3. Their first cartoon was short-lived.

Following the success of the albums, Bagdasarian accepted an offer for an animated series from CBS. Debuting in September 1961, The Alvin Show focused on the group’s domestic adventures and musical sessions and had a supporting cast that included manager (and Bagdasarian's alter ego) Dave Seville and non-human friends like Stanley the Eagle. The musical numbers are considered by some to be an early example of music videos, with melodies set to footage. Unfortunately, The Alvin Show failed to find an audience in primetime, airing opposite the popular Western series Wagon Train. It lasted just one season before being relegated to reruns on Saturday mornings.

4. “Dave” had to pack a pistol during recording sessions.

A costumed version of Alvin receives a kiss from actress Cameron Richardson during a public appearance
Alberto E. Rodriguez, Getty Images

Bagdasarian was soon in the Chipmunk business full-time, recording a string of albums, sometimes with supporting vocalists. One of them, Ron Hicklin, told The Hollywood Reporter in 2018 that the team was recording in Hollywood when the Watts riots between police and residents broke out in 1965. Fearing some kind of violent encounter, Hicklin said Bagdasarian carried a pistol while walking from the studio to his car. “I remember laughing later how here we were inside recording Chipmunks and then going outside with Ross, who’s packing a pistol,” he said.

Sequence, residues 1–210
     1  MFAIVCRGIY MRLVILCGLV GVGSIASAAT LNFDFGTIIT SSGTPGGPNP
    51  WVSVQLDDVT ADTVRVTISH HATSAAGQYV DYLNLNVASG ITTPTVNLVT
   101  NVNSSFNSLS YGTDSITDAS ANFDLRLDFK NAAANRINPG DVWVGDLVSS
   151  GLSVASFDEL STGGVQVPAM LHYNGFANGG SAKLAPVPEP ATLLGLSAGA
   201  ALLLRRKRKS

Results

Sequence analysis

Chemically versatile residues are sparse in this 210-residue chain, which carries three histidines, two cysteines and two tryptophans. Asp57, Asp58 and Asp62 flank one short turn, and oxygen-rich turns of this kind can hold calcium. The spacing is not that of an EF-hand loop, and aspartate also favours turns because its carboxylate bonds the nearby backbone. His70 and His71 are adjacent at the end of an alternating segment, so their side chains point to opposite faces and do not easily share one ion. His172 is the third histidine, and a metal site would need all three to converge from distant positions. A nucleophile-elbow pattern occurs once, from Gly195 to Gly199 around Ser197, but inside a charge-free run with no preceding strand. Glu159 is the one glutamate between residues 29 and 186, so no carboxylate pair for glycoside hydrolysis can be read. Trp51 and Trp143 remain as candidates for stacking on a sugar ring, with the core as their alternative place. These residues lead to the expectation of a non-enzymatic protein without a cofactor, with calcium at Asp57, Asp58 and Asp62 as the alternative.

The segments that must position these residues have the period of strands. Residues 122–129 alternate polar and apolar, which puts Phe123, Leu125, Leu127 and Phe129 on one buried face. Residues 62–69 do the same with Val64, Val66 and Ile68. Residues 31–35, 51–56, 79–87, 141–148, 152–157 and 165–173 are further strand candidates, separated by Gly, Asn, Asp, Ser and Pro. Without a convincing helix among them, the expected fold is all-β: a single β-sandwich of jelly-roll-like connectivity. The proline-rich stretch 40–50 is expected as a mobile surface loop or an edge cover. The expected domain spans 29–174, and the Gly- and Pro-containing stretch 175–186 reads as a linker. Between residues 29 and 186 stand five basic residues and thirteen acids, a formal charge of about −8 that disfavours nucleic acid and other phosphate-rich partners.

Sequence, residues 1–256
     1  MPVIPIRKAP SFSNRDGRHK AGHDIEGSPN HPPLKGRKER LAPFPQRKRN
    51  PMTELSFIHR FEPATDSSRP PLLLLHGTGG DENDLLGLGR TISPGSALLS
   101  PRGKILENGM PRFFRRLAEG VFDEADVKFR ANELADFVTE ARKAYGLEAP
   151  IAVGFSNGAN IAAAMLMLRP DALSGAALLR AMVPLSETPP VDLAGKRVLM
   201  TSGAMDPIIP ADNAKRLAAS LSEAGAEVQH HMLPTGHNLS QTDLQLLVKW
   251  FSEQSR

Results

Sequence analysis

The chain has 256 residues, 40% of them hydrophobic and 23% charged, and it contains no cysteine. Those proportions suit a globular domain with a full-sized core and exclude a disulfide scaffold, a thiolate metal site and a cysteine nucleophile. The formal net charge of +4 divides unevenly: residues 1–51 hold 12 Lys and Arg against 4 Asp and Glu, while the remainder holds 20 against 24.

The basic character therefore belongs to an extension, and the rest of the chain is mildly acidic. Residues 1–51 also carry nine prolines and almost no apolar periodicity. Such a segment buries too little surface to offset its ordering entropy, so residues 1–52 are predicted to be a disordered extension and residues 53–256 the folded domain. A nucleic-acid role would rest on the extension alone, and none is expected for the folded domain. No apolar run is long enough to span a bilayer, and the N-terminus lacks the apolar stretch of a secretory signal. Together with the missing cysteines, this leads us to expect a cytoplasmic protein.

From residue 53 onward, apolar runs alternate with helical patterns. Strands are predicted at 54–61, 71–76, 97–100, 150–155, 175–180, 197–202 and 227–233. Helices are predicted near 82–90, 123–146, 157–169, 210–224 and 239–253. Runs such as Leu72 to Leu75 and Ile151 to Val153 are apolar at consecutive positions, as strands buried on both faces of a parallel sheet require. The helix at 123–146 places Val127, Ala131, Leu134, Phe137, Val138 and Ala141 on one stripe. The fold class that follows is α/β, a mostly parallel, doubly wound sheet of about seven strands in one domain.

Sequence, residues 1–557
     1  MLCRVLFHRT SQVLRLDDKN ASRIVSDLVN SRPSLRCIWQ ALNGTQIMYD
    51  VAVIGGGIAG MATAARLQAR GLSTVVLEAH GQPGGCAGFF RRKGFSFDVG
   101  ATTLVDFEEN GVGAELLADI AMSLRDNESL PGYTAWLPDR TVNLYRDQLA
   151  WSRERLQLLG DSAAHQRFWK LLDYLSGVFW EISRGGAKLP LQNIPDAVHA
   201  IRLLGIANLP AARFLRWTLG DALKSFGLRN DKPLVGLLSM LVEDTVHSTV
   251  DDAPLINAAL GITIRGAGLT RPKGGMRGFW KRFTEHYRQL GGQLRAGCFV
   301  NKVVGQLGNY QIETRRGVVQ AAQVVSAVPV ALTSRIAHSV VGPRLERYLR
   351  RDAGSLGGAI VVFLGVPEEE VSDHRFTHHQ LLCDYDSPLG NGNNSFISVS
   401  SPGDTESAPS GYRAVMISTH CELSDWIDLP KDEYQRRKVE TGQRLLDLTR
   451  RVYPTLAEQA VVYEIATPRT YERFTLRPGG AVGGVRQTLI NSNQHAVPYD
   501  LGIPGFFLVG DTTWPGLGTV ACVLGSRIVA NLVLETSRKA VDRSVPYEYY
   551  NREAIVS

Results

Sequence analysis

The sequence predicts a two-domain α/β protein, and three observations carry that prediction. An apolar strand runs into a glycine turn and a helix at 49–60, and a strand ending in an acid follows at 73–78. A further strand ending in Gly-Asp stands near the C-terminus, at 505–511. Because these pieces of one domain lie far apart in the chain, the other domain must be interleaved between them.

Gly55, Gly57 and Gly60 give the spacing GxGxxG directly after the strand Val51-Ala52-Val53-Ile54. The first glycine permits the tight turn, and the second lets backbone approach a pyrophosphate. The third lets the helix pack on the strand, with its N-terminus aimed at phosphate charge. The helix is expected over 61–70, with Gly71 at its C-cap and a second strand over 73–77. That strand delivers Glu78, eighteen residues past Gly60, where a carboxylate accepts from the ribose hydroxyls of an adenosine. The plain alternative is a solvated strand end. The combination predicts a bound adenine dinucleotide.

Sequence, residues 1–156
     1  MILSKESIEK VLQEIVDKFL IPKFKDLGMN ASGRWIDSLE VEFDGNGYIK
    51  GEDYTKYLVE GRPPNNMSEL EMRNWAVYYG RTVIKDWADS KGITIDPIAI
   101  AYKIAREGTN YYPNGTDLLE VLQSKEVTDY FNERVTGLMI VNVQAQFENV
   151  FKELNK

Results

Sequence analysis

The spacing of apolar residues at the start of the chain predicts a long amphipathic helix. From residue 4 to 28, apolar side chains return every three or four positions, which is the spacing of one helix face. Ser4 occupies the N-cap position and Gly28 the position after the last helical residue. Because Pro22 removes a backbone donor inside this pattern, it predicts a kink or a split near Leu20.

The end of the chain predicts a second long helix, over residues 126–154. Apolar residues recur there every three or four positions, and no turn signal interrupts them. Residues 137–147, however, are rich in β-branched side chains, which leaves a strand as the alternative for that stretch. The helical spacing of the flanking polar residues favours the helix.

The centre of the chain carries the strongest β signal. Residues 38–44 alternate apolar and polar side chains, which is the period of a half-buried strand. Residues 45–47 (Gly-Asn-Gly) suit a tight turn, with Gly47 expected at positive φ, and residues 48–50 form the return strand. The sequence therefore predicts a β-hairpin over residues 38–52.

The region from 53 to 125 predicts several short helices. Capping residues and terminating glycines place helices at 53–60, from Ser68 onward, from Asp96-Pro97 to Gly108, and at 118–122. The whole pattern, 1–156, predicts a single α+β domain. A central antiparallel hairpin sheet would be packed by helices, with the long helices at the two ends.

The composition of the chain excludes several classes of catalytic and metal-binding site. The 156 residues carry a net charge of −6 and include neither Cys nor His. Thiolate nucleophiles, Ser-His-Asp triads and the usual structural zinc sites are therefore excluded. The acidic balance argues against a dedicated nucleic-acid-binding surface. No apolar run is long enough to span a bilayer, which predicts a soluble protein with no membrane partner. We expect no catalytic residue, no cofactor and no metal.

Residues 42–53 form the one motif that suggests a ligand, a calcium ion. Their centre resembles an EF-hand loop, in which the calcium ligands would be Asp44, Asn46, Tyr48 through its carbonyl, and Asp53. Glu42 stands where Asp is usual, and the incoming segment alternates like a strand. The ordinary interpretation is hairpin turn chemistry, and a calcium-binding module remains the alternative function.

5. The Beatles were big fans.

In 1964, Bagdasarian released The Chipmunks Sing the Beatles Hits, an album-length compilation of covers from the Liverpool band. While it might have been permissible to perform them as parody without permission, Bagdasarian had the group’s blessing. They were reportedly big fans of the Chipmunks and of the technical challenges involved in creating their distinctive warble. “They were just amazed he was able to do the voices of Alvin and Dave and Simon and Theodore and then the music, and keep bouncing tracks back and forth," Ross Bagdasarian Jr. told Variety earlier this year. "The engineering feat of that was what impressed the Beatles so much that they gave him the authorization to do The Chipmunks Sing the Beatles Hits."